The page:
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Battle of the brunches: Voice stacks up the weekend food options

The weekend has finally arrived.
Students are churning out snore after snore as they catch up on sleep. Peeking in through the windows are the rays of the sun telling everybody it’s morning.
With these weekend mornings of relaxation come the best meals on campus – brunch in the dorms.
These breakfast buffets in Williams Hall and Geisert Hall are offered on Saturday and Sunday, respectively.
Brunch in Williams starts at 9 a.m. and ends at 1 p.m. for all those refusing to wake up in the morning.
Geisert’s plentiful buffet starts an hour later but ends at 1:30 p.m. for the stragglers.
The price for students with meal plans is equal to a dinner during the week. For those without a meal plan, be prepared to whip out a Lincoln and fifty cents to take on the behemoth buffets.
At the entrance of the newly renovated Williams cafeteria was a student to greet people and swipe student IDs. He told most people to enjoy their meals and continued to read his book.
In the Geisert cafeteria, I was greeted by another student. Not two steps after walking past her I was greeted by Dennis, one of the cooks, with sheer excitement. 
It was nice to know even though I don’t live on campus anymore and haven’t been in the cafeteria since last semester, he still remembered me, and more importantly, was excited to see me.
However, Williams’ service throughout the meal could be described as perfectly invisible. This isn’t a bad thing because there weren’t any long periods waiting for food to come out nor were there a huge amount of trays and dishes piled up. Employees made their appearances throughout and were efficient in their work.
Upon arriving at Geisert’s buffet line, the hash browns were fresh out. But before I could even scoop out my eggs, another employee was filling the hash browns.
Both cafeterias have undergone changes in the past two years. Out are the dull whites and pastels and in are Bradley-themed colors. Both rooms have flat screen TVs with the day’s sports playing. William’s also features old schedules for the basketball teams and photos of players.
Geisert also has the tall tops for people who like to dangle their feet while they eat.
Williams separates its food into three islands, a significant change from before. The menu, available online at www.bradley.edu/foodservice/williams.html, featured scrambled eggs, doughnuts, hard boiled eggs, pasta with red sauce, cinnamon rolls, sausage and the salad bar. The site featured more food items but they weren’t to be found.
Most impressive was the sausage. It was perfectly cooked, and it’s always a plus when it doesn’t look like the most unhealthy thing in the world. It still had a light grey tone to it instead of being charred or darkened.
In the salad bar was chicken noodle soup. The soup would be greatly supported by Chunky’s because it had a lot of chicken and noodles. Each spoonful was full of the two and barely left room for the broth to climb onto the spoon. The only problem was it was a bit on the salty side.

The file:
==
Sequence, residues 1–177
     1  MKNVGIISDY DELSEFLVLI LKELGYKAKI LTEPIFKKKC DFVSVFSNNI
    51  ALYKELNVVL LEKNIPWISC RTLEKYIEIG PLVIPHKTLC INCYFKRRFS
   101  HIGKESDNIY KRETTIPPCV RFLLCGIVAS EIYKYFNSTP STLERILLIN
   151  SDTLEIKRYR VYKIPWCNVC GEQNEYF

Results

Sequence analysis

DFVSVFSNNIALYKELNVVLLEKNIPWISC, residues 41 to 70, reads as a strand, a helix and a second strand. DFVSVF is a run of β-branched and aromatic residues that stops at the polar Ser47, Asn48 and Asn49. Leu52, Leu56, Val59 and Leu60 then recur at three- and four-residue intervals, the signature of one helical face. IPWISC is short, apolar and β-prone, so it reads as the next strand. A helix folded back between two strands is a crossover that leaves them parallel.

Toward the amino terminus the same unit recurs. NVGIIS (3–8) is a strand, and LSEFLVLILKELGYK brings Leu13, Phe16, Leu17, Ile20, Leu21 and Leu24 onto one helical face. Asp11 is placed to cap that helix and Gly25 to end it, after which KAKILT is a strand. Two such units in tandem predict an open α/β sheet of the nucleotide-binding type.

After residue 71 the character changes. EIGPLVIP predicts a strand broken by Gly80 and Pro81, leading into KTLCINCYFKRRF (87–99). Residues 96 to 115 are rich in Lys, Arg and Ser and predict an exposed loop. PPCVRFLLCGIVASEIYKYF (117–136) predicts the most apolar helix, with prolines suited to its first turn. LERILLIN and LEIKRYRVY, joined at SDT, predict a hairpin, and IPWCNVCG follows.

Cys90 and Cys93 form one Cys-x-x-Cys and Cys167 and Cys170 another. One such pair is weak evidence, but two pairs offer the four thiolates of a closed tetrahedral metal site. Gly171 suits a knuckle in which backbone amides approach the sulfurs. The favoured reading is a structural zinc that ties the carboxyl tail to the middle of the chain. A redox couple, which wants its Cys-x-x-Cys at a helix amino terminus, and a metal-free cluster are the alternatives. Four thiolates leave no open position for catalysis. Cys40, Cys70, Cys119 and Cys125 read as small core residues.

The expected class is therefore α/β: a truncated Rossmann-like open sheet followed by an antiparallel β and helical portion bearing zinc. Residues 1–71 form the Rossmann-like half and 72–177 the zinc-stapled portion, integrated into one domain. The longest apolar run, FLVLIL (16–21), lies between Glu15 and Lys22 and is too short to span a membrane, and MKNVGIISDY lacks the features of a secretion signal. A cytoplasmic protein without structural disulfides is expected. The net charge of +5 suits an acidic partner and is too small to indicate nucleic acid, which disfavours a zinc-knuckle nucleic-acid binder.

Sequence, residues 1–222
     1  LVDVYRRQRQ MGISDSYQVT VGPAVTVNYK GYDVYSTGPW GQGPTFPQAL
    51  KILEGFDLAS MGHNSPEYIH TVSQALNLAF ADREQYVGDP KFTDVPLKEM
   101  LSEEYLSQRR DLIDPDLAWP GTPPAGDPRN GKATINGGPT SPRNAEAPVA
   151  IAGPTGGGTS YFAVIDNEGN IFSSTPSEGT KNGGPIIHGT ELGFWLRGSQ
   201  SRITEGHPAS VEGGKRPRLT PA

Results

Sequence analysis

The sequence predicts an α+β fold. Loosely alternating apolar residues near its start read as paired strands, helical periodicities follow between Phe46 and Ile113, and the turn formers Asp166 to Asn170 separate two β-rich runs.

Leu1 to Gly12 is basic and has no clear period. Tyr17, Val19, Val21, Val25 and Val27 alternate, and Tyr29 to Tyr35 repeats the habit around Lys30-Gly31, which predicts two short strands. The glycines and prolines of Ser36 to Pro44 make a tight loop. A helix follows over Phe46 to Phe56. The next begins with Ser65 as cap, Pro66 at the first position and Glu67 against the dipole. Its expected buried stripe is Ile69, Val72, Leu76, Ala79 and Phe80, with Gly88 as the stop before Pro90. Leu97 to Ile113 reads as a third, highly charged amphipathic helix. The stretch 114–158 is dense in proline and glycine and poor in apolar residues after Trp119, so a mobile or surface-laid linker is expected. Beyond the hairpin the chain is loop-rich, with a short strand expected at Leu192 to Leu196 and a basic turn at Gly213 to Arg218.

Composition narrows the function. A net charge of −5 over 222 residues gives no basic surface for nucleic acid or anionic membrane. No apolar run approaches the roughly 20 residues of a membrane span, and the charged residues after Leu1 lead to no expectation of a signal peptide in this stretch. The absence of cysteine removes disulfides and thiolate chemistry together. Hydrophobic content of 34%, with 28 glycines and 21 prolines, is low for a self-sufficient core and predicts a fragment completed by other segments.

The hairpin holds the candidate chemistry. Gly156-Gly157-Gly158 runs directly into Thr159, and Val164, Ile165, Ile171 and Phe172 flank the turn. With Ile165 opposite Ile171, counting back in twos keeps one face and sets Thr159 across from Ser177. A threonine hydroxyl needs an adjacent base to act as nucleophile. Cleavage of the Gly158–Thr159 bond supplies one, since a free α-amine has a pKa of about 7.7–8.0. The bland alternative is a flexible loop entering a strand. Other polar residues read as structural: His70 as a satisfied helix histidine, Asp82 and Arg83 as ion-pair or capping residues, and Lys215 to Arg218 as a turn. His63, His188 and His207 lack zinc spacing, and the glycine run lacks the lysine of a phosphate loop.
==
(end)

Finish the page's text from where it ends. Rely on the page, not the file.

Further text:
One of Williams’ stronger points has always been the coffee. It’s never too hot, so people don’t have to wait a couple minutes before drinking. It gives people a nice kick to start their day.
Geisert’s brunch menu is magnificent. The standard eggs and sausage are there, but there’s also  French toast, blueberry pancakes, regular pancakes, barbeque pork chops and pasta.
Also, for those willing to venture to the back of the cafeteria is a waffle maker. I strongly encourage people to walk that further distance and make themselves a waffle. It’s well worth the wait for those light and fluffy masterpieces. Right next to it is the ice cream bin. Put a scoop of chocolate on the waffle for a delicious morning dessert.
The best part of this brunch is next to the widescreen TV. Five skillets are set up for the two-handed Vivienne. She makes omelets to everyone’s specifications and never forgets who had what. 
These omelets are not skimpy either. They fill up half the plate and stand above the rims. Do me a favor and get the works sometime. In every bite is a new taste with wonderful flavor and texture. There are moist tomatoes, crunchy green peppers, delicious onions, mushrooms, diced ham straight from the Easter cookbook and the common favorite, cheese.
As Vivienne was finishing up this wonderful concoction, she offered something unheard of to me. She offered to put American cheese slices on top of the omelet. Without hesitation I accepted, and she threw on three slices and covered it with another skillet to melt the cheese.
Diving into that concoction could make anyone’s day. With two different cheeses oozing onto my plate, the omelet looked like heaven. It was almost too beautiful to eat, but this dish wasn’t meant for the sense of sight. Taste was the reward here.
Don’t be afraid to stumble on down to the cafeterias those mornings when your bed just seems impossible to get out of. The food offered at these cafeterias is well worth crawling to while wearing pajamas.
The verdict: Dennis and the Geisert crew take the cake … or pancake, rather.
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